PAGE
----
The linked cohort includes more than 96% of the English population. By combining person level data across national healthcare settings, data on age, sex, and ethnicity are complete for around 95% of the population. Among 53.3 million people with no previous diagnosis of stroke or transient ischaemic attack, 98 721 had a first ever incident stroke or transient ischaemic attack between 1 January and 31 October 2020, of which 30% were recorded only in primary care and 4% only in death registry records. Among 53.2 million people with no previous diagnosis of myocardial infarction, 62 966 had an incident myocardial infarction during follow-up, of which 8% were recorded only in primary care and 12% only in death registry records. A total of 959 470 people had a confirmed or suspected covid-19 diagnosis (714 162 in primary care data, 126 349 in hospital admission records, 776 503 in covid-19 laboratory test data, and 50 504 in death registry records). Although 58% of these were recorded in both primary care and covid-19 laboratory test data, 15% and 18%, respectively, were recorded in only one.
This population-wide resource shows the importance of linking person level data across health settings to maximise completeness of key characteristics and to ascertain cardiovascular events and covid-19 diagnoses. Although this resource was initially established to support research on covid-19 and cardiovascular disease to benefit clinical care and public health and to inform healthcare policy, it can broaden further to enable a wide range of research.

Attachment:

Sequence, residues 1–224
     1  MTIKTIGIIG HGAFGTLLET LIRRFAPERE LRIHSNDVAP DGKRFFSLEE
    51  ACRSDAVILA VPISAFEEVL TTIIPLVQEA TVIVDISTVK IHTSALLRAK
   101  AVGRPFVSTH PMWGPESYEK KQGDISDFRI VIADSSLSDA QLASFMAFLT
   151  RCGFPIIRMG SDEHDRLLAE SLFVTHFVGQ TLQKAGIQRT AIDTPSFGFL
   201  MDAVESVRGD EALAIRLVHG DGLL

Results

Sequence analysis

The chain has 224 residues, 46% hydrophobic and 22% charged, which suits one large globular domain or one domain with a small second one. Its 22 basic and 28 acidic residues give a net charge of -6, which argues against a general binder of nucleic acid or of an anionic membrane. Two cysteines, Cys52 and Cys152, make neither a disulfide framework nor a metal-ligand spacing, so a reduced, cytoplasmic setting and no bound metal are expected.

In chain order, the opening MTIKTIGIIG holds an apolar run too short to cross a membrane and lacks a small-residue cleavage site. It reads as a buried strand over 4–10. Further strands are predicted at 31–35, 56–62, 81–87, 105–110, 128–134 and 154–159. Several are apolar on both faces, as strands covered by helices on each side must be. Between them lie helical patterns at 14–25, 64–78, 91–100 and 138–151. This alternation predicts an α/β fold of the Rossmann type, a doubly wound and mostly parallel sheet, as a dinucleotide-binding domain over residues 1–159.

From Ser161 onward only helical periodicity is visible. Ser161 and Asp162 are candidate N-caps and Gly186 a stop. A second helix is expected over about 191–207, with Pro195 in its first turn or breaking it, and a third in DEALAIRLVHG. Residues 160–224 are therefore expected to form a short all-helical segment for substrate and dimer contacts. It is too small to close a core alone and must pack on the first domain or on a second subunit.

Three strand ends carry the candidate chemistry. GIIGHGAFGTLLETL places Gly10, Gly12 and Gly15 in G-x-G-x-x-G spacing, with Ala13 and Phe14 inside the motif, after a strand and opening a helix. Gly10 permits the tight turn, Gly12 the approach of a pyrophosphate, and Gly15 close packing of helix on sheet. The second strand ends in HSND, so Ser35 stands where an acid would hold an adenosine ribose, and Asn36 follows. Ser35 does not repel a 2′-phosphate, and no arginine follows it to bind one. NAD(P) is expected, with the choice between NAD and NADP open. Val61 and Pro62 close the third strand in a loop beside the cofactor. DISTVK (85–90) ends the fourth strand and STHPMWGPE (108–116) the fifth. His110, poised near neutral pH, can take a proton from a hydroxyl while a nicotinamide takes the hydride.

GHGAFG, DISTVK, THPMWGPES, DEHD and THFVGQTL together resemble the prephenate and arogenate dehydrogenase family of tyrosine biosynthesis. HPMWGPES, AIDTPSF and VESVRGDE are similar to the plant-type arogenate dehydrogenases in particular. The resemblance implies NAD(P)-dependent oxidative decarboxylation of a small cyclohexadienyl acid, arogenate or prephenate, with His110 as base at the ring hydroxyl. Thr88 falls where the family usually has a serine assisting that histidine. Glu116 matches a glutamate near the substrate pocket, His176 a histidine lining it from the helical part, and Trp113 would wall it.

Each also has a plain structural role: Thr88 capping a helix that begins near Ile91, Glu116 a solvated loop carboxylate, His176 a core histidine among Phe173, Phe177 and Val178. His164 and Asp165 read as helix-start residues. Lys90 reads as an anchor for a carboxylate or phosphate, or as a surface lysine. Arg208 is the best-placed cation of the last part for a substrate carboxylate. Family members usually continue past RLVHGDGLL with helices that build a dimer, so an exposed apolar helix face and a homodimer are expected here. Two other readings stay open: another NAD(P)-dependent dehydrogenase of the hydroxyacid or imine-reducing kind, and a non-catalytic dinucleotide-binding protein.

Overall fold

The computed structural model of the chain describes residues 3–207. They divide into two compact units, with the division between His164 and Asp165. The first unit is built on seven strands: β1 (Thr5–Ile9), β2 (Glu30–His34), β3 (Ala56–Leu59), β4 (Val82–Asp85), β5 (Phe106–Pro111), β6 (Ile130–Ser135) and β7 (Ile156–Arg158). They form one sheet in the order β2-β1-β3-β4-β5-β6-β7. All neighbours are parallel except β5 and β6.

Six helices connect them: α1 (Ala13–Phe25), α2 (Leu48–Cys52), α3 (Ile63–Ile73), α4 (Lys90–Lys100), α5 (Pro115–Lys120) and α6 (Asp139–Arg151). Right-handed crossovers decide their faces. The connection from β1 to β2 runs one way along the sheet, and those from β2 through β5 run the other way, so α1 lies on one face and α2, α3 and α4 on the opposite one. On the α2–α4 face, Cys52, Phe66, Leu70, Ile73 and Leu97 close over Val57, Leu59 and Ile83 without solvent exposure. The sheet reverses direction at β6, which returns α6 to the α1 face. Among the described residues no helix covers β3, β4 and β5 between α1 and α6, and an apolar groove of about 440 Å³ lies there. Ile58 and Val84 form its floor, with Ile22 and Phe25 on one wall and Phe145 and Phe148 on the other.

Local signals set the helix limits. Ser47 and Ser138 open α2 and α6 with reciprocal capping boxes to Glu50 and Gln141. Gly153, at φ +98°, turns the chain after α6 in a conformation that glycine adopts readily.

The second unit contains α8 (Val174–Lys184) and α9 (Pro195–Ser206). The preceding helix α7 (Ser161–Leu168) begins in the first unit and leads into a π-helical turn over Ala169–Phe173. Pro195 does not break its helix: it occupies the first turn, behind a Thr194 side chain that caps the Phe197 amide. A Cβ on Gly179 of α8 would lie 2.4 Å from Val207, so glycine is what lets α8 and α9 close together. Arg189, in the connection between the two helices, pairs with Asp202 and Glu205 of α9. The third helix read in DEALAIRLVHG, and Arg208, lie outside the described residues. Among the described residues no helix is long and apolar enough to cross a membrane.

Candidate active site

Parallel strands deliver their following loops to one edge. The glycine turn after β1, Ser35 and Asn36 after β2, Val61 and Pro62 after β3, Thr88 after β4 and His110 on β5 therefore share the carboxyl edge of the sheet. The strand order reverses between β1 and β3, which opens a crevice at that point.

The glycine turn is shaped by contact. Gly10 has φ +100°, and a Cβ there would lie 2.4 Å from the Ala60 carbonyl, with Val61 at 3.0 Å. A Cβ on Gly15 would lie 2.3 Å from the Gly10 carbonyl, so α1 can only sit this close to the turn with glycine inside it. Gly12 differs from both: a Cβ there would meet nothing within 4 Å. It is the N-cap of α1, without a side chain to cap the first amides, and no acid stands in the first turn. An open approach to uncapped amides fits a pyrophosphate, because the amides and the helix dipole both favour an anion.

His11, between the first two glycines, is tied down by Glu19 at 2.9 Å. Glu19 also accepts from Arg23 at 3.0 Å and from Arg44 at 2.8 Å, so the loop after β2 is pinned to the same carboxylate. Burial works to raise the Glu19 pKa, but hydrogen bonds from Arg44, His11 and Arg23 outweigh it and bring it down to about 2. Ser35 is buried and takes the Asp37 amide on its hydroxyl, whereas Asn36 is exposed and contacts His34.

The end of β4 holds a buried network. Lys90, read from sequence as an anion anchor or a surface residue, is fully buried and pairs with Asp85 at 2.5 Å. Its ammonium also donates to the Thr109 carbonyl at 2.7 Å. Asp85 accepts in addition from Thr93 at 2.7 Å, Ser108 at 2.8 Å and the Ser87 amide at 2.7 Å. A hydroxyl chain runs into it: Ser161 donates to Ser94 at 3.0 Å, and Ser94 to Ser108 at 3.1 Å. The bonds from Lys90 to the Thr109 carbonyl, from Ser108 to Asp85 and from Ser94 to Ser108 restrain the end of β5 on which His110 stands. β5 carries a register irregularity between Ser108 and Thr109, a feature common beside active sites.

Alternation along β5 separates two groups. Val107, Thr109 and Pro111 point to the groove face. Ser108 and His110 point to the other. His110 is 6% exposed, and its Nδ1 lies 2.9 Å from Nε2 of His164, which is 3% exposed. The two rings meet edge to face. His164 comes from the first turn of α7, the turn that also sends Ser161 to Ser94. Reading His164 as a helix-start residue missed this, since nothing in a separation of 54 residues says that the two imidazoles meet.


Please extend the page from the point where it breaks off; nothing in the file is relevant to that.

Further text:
Read the full paper here: https://doi.org/10.1136/bmj.n826
Machine learning for subtype definition and risk prediction in heart failure, acute coronary syndromes and atrial fibrillation: systematic review of validity and clinical utility
Published: 6 April 2021, BMC Medicine
Authors: Amitava Banerjee, Suliang Chen, Ghazaleh Fatemifar, Mohamad Zeina, R. Thomas Lumbers, Johanna Mielke, Simrat Gill, Dipak Kotecha, Daniel F. Freitag, Spiros Denaxas, Harry Hemingway
Machine learning (ML) is increasingly used in research for subtype definition and risk prediction, particularly in cardiovascular diseases. No existing ML models are routinely used for cardiovascular disease management, and their phase of clinical utility is unknown, partly due to a lack of clear criteria. We evaluated ML for subtype definition and risk prediction in heart failure (HF), acute coronary syndromes (ACS) and atrial fibrillation (AF).
For ML studies of subtype definition and risk prediction, we conducted a systematic review in HF, ACS and AF, using PubMed, MEDLINE and Web of Science from January 2000 until December 2019. By adapting published criteria for diagnostic and prognostic studies, we developed a seven-domain, ML-specific checklist.
Of 5918 studies identified, 97 were included. Across studies for subtype definition (n = 40) and risk prediction (n = 57), there was variation in data source, population size (median 606 and median 6769), clinical setting (outpatient, inpatient, different departments), number of covariates (median 19 and median 48) and ML methods. All studies were single disease, most were North American (n = 61/97) and only 14 studies combined definition and risk prediction. Subtype definition and risk prediction studies respectively had limitations in development (e.g. 15.0% and 78.9% of studies related to patient benefit; 15.0% and 15.8% had low patient selection bias), validation (12.5% and 5.3% externally validated) and impact (32.5% and 91.2% improved outcome prediction; no effectiveness or cost-effectiveness evaluations).